Home Alt Forums Saxophone Tips Mouth on the Mouthpiece

This topic contains 11 replies, has 5 voices, and was last updated by Michael Bishop Michael Bishop 7 months ago.

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    William Cingolani

    How far up the mouthpiece should I put my teeth and lip etc. This was my test today. I put my teeth on my mouthpiece and kept scooting on up until I could blow the Fork F and the low C, low B, and low Bb. Blowing “Last Date” in G major calls for a low C, one that buzzes, and switching to F major calls for a low Bb. So when I do all that my mouth is correctly on the mouthpiece.



    For the stuff i do, depending on what style i’m playing, i play in lots of
    various mouth piece positions from the tip to the other end, even with
    top teeth off the mouthpiece to change the tone in some cases.

    but i wont do a kenny g and play it like i’m smoking a pipe.


    William Cingolani

    SX Poet, Sometimes I do a Kenny G smoking a pipe. I noticed that the late Homer “Boots” Randolph holds his mouthpiece a little off to the side, right of center



    Yes i seen that @william. Some other fellas heaps too.
    I’ll be more mindful and make some notes who. @sxpoet, who could it be now ????

    Coleman Hawkins sticks it in big time.
    Me i’m trying to swallow more MP as well, that is to get a better sound.
    It helps coz i ceertainly hammer my tounge rolling of late, and find the tip getz (sic) away from me.
    So it strangles the tone. When it gets away. The tip. Balance, Balance. Man, how much is enuff …
    ruff ‘eh

    Hey – Coleman Hawkins classic is, “Body and Soul”. Recorded October 11, 1939. Youse guys know it??
    Check it out!!

    Agh me hearties !!
    Good link be here ……………
    Pirates and Mermaids mayhaps:




    i never knew the significance behind waltzing matilda,
    until i read this article (pardon my ignorance), even the
    film cricodile dundee confused about what a dong was.


    more respect to waltzing…



    whoops it was a donk (accent is so confious)



    hey @sxpoet
    thanking you very kindly for the link
    i learnt to play Waltzing Matilda second song on the button accordion (melodeon / squeezebox)
    my first song, the drover’s dream. wild australiana tune, many animals of our locale therein

    i dunno wot a dong is either
    maybe ding dong the mouse run up the clock??
    (being to rock i guess)
    horus fugit / time flies

    down at sailing club a guy has a Tornado 20′ racing cat (designed by an Englishman, Reg White)
    once an Olympic class boat to recently
    this particular boat, itz called, “Massive Dong”
    true blue

    (# for sale on Gumtree in Perth if you’d like to peruse photo captures
    came from Europe, some company called Dong somethink, sponsors
    guys got pissed and changed the name overnight on him & he liked it so stays
    crack up hey!!)

    dong is bloke’s 3rd leg

    also colloquial
    for the sake of example, say –
    hey man, i’ll dong ya on the head! get with the program!!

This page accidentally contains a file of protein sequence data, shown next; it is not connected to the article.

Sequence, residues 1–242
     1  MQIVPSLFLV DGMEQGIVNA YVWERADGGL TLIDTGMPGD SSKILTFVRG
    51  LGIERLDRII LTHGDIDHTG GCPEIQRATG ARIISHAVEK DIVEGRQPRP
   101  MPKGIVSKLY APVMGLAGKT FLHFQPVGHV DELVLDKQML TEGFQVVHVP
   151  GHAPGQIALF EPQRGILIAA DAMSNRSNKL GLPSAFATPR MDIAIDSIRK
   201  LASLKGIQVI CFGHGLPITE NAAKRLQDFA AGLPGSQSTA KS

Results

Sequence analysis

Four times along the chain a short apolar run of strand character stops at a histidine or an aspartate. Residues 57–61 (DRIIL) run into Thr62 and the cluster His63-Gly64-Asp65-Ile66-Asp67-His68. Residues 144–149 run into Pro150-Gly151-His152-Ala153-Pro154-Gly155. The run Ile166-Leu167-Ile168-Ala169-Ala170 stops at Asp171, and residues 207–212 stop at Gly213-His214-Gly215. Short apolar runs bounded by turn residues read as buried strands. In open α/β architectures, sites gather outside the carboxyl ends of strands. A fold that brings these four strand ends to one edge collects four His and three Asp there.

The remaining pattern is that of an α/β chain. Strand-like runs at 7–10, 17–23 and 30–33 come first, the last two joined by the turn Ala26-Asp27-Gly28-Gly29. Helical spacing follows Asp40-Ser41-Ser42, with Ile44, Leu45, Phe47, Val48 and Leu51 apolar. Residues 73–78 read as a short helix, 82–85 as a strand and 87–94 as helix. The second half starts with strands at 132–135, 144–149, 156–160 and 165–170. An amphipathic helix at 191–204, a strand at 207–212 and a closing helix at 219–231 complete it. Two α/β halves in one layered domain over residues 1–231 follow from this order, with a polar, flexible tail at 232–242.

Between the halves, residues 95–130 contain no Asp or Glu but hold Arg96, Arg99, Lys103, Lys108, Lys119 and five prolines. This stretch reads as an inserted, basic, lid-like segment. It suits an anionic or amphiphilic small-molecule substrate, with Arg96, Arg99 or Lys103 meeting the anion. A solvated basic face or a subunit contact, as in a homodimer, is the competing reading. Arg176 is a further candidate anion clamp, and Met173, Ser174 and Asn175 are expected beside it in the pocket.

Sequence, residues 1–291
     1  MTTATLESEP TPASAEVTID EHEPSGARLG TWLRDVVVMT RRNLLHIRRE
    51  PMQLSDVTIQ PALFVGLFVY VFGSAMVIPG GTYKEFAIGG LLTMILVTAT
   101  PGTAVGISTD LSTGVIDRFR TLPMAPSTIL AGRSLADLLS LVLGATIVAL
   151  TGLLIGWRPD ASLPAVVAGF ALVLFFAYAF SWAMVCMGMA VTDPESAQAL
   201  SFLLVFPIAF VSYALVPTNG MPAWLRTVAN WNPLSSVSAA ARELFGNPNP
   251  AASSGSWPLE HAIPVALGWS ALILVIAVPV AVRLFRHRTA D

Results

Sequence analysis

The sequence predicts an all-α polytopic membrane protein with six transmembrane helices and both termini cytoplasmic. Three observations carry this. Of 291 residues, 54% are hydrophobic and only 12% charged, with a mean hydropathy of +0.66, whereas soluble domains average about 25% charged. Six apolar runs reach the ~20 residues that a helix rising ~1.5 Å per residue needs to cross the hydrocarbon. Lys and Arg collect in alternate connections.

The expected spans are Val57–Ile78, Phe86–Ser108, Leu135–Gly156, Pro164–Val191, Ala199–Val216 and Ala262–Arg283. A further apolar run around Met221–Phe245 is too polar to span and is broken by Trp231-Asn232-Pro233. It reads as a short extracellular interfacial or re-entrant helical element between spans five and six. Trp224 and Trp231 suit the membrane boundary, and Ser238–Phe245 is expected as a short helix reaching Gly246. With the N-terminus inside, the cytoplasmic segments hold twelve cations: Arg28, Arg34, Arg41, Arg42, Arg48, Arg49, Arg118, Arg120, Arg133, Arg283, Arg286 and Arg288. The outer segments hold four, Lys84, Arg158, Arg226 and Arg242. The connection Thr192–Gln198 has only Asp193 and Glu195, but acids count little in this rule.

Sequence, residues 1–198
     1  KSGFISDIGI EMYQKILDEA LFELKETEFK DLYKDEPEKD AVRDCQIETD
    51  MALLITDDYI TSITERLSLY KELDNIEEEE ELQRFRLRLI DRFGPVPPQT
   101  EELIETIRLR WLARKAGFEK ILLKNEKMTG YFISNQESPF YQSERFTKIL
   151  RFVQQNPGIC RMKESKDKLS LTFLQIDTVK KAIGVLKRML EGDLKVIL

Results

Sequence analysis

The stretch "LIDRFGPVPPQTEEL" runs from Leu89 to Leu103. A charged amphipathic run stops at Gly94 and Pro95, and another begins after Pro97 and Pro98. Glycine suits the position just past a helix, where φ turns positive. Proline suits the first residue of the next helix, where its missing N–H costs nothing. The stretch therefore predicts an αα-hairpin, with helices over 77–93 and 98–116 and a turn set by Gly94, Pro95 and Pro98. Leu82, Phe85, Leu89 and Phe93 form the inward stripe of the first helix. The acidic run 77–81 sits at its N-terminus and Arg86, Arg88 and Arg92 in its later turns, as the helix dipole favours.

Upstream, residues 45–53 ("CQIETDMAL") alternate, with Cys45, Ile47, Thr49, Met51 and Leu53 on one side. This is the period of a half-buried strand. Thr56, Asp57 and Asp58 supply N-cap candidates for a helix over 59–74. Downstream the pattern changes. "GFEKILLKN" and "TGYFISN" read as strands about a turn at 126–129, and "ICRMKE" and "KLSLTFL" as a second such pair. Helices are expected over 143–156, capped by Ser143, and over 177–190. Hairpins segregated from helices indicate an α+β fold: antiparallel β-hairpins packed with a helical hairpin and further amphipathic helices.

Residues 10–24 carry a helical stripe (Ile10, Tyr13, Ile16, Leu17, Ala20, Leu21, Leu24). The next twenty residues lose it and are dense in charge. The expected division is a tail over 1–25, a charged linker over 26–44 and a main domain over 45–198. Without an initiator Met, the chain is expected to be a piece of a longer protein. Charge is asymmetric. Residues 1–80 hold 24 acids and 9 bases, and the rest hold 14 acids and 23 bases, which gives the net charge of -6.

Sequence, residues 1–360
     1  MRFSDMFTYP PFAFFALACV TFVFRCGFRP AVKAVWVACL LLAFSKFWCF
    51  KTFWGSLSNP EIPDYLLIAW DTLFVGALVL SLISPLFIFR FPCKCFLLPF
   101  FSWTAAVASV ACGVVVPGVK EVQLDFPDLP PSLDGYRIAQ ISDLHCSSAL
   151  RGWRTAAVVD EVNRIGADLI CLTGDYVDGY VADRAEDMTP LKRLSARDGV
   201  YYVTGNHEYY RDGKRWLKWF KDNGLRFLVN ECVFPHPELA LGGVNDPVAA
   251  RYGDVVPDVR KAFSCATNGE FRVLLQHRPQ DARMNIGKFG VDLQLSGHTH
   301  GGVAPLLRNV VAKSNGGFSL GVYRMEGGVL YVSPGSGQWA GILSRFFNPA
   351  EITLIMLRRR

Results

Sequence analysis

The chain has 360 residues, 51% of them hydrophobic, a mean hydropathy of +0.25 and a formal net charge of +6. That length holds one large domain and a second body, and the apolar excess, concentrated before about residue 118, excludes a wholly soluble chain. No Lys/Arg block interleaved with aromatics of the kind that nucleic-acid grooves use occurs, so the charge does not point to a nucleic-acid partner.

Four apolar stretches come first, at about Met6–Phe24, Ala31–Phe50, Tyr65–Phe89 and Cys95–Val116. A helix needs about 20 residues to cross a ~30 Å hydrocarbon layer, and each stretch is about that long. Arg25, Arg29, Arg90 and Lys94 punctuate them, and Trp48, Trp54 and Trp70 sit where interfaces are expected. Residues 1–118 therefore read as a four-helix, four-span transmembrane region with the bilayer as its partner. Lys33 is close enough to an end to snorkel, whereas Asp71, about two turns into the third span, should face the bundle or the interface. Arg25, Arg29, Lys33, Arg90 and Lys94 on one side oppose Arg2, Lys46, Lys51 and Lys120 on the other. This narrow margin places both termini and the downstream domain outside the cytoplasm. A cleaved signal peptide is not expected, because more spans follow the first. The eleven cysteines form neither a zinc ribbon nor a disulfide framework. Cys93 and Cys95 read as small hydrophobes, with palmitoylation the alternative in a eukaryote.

{like hey man if you don’t stay on topic in the Forum here i will hit you over the head.
    With a saxophone. Like.



    crikey moses who would thunk
    @sxpoet donked if me knows cobber
    could be a referral to blues song where train left the station and the guy’s donkey up and died
    you know the air??




    in the crocidile dundee film, to me donk sounds like dong,
    a bit like the english version “fork handles”
    instead of “four candles?”

    way off top full appogolies



    in terms of music, i meant comedy i found this sketch


    wow this post went in a weird direction!….
    but getting back to Williams original question…

    there’s a great experiment you should do regarding how far up to place your teeth.
    this is really important cause the further we can go the bigger our sound can potentially be.
    so the experiment, or practice exercise is to start where you normally do, then go up as much as you can until you don’t have any more control over your sound. at this point roll back just a tad until you do.
    If you do this regularly you should eventually feel comfortable at a point that is higher than when you originally started, and then, you will have probably improved your sound. This doesn’t happen overnight so try doing it for a few weeks at least.
    when I was young my great teacher taught me this and it really worked.

    Michael Bishop
    Michael Bishop

    What Johnny is saying is the same thing my local Sax instructor had told me. For me, the ‘sweet spot’ was always where the curvature of the MP facing length comes in contact with the reed–it’s right at that point where I put my top teeth, use my bottom lip as a cushion and create a seal around the MP with the sides/corners of my lips. Any more than that, it felt like I had too much of the MP in my mouth. If I had less of the MP in my mouth, I couldn’t get enough air into it.

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